The uproar over federal spending on travel has its roots in the so-called “AIG effect,” the public and media backlash to reports of lavish spending on meetings by corporations and groups that were in line to receive government bailouts at the start of the recession.
In September 2008, just days after the American Insurance Group got an $85-billion bailout from the Federal Reserve Bank, the insurance company hosted a group of independent insurance agents at the luxury St. Regis Resort Monarch Beach in southern California. News that AIG spent $443,000 on the event sent a ripple effect throughout corporate America, with many companies and groups cancelling or scaling back planned meetings, especially at high-end resorts and resort destinations.
Eventually, the debate cooled and corporate America began to hold meetings again in hotels and resorts. The aftermath of the AIG Effect is still being felt today, as group business has yet to fully rebound to pre-recession levels.
The issue became a topic of Congressional scrutiny following reports of a 2012 General Services Administration conference in Las Vegas that cost more than $820,000. The House Committee on Oversight and Government Reform held hearings on wasteful federal travel, which led to the OMB issuing its rules.
Travel fights back
The U.S. Travel Association has challenged the idea that attendance at meetings by federal employees is wasteful. In fact, its research points out why it’s important for them to travel.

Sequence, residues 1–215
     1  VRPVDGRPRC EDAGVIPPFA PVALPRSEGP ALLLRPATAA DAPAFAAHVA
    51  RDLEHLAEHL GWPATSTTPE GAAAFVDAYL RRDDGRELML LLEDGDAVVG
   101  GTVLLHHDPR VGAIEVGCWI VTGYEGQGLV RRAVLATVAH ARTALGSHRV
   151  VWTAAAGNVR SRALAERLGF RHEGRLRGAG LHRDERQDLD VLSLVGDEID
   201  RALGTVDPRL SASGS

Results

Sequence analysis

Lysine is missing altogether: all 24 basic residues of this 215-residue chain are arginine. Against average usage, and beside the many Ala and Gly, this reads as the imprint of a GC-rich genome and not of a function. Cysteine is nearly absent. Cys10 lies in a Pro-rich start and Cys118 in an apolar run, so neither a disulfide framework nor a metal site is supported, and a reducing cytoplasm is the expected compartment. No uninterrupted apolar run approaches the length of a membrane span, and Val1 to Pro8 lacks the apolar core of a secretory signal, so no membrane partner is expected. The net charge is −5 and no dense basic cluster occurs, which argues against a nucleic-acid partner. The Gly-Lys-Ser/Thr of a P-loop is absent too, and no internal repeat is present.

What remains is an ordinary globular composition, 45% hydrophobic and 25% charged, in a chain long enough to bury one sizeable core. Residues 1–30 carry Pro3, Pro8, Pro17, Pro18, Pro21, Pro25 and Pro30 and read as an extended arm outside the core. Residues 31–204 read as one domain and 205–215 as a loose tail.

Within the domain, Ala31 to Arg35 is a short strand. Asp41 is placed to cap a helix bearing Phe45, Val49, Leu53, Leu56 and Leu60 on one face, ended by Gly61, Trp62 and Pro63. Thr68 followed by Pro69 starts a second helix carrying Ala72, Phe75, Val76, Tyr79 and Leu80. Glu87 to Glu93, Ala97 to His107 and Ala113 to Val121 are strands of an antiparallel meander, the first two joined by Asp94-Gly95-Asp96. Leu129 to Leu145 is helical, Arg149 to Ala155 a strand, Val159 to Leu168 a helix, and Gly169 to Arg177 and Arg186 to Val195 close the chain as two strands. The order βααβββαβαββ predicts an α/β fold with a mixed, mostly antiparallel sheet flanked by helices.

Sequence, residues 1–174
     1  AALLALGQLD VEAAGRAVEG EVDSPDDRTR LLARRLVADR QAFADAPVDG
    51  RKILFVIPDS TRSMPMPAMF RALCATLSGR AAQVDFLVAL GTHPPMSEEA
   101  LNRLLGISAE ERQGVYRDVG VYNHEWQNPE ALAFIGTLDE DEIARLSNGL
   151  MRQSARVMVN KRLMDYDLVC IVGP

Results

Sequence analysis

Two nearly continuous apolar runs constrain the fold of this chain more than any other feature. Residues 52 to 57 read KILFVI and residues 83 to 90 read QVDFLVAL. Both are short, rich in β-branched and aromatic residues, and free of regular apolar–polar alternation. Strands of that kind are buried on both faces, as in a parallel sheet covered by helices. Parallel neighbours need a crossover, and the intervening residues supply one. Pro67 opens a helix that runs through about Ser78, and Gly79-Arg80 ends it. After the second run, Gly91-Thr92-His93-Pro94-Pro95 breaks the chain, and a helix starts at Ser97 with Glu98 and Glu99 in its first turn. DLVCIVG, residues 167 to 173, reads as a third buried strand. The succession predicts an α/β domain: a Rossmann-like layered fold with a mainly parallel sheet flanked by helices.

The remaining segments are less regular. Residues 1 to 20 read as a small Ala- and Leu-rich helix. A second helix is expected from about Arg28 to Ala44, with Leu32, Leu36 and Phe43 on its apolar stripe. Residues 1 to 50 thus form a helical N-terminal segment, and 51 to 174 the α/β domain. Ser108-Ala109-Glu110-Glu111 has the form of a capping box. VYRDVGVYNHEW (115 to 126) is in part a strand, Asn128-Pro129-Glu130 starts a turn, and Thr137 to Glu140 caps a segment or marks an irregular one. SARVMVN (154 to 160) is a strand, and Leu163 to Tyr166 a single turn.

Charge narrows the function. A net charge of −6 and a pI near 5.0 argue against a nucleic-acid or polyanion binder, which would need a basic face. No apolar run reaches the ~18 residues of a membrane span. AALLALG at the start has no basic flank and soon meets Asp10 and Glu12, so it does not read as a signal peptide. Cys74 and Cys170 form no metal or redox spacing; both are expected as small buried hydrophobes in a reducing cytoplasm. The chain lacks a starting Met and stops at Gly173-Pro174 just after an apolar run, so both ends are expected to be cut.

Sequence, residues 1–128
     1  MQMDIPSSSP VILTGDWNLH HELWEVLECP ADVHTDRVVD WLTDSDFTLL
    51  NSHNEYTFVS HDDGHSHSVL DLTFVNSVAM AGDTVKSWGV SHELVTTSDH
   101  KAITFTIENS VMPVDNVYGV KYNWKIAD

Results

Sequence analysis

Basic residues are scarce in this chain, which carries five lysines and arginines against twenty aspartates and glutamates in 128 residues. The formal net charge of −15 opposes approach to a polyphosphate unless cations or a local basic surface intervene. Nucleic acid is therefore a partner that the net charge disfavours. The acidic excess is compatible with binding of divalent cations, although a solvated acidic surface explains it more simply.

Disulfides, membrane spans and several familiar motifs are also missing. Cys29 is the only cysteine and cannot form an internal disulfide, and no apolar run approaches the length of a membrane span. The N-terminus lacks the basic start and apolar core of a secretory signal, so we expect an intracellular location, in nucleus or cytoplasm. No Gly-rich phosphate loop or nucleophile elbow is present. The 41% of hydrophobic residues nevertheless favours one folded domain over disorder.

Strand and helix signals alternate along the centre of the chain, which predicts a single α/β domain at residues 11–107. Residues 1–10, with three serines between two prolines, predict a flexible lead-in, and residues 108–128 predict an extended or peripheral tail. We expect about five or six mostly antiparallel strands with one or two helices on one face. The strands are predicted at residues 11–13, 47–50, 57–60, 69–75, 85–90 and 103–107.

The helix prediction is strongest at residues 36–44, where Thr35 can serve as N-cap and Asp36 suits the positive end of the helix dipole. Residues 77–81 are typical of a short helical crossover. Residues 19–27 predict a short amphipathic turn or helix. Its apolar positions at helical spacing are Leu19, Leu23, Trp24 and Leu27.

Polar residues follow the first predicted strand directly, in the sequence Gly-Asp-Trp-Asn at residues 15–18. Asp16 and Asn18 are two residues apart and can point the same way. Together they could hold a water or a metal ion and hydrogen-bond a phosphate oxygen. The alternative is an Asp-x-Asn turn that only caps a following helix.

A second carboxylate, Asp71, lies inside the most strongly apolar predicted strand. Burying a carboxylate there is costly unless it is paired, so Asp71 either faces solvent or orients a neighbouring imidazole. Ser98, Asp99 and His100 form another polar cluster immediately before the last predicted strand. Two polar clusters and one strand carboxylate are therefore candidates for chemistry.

“Most government travel takes place for things like safety inspection, or oversight or training,” Hansen said. “There are a lot of common-sense, everyday purposes for the government to travel, so our job is to put a face on that fact.”
The study asserts that government meetings are more efficient than events held in the private sector. Employees attending government meetings spent an average of $185 per day in 2011, versus the $224 per day spent by private sector meeting attendees.
The report focused on the Military Health System Conference, an annual event cancelled this year as a result of sequestration, as an example of how eliminating government meetings saves money in the short term but costs taxpayers in the long run.
The event typically draws between 3,000 and 4,000 attendees, 95% of whom are military and other government employees. Health professionals in the government use the conference to attain required continuing medical education credits and learn about the latest advancements in healthcare.
Rockport Analytics, which conducted the survey for the USTA, calculated the loss of conference revenues from exhibitors and fees for late cancellation of the meeting costs to be $1.2 million. In addition, the government would need to spend another $3.6 million for travel and course fees for employees to gain this education elsewhere.
Bottom line, according to the study, is the cancellation cost taxpayers $813,000.
Hansen said the industry can use the report to point out the importance of government meetings to lawmakers and the media.
“For those (lawmakers) already supportive of travel, it gives them additional ammunition to fight for our industry. For those who are not aware of the value of government travel it gives us the opportunity for education,” he said. “And for those who are still not convinced about the value of government travel it gives us some hard data to reach out to them and engage their staffs on finding productive policies that can preserve some of the essential things travel does.”